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    Hanipa criticises Hadi's opinion on Islamic supremacy

    (Updated )

    De facto Deputy Law Minister Hanipa Maidin today criticised a "religious scholar", arguing that his published opinion on the rule of law from an Islamic perspective has fallen short.

    While Hanipa in a statement did not mention any name, he made clear references to PAS president Abdul Hadi Awang's lengthy opinion piece which was published on his official Facebook page yesterday.

    "There is a religious scholar who wrote quite at length about rule of law with the title 'Rule of Law: Di mana Allah? (Where is Allah?)'.

    "In all honesty, I did not see an academic discussion about the rule of law, even from the perspective of Islam," said the Sepang MP.

    "However, I could imagine how impressed his fanatical followers would be with the article.

    "The culture of fanaticism could destroy the intellectual spirit," warned Hanipa.

    Among others, Hadi in his piece claimed that many Muslims who spoke and wrote about the rule of law had failed to incorporate elements of their faith (tauhid) in the implementation of various laws.

    In calling for upholding a rule of law that is guided by Islam rather than Western values, Hadi had urged for Prophet Muhammad to be the role model of law-keeping, including forsaking revenge by pardoning those who repented.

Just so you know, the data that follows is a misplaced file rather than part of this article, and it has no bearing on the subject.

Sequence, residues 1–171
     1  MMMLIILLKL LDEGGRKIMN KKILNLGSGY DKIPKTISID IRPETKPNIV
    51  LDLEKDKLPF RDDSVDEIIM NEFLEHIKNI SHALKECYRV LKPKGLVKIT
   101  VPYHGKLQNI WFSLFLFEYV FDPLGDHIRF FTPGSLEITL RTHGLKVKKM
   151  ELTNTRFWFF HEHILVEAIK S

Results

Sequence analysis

"Don’t ever take the infidelic West as an example, because the best of them will still end up in hell, since their kindness is without any faith to Allah and the end times," he wrote.

    "If the one leading is a Muslim, even if he were cruel, at least (others) can become cattle herders.

    "But if the one who leads is a non-Muslim, even if he were the kindest, (others) can work however they wish (but) without any limit of what is halal and haram they will still end up in hell," Hadi warned.

    Puzzled by Hadi's remarks

    Commenting further, Hanipa said he was puzzled by Hadi's remarks, as the Prophet Muhammad himself had once ordered his followers to seek refuge in Abyssinia (present day Ethiopia) which was at the time said to be under the rule of King Negus from the Christian Kingdom of Aksum.

    In present times, Hanipa said the practice continues with many reported cases of persecuted Muslim scholars fleeing countries under Muslim rule to Western states proven to better uphold their basic human rights.

    "Do we want to summarise that Muslim countries that persecuted the Muslim scholars are viewed as upholding the rule of law because Allah's 'name' could be seen everywhere around the country?

    "And the Western states that protect the Muslim scholars are seen as not upholding the rule of law because they are not led by Muslims?

    "Maybe that is so because at one time this country with a Malay/Muslim prime minister and Malay/Muslim attorney-general, no 'real culprits' behind 1MDB were charged.

    "But in that country where there is 'Hollywood' the 1MDB 'culprit' could not sit still (for fear of action)," said Hanipa, ending his jibes at Hadi on a sarcastic note.

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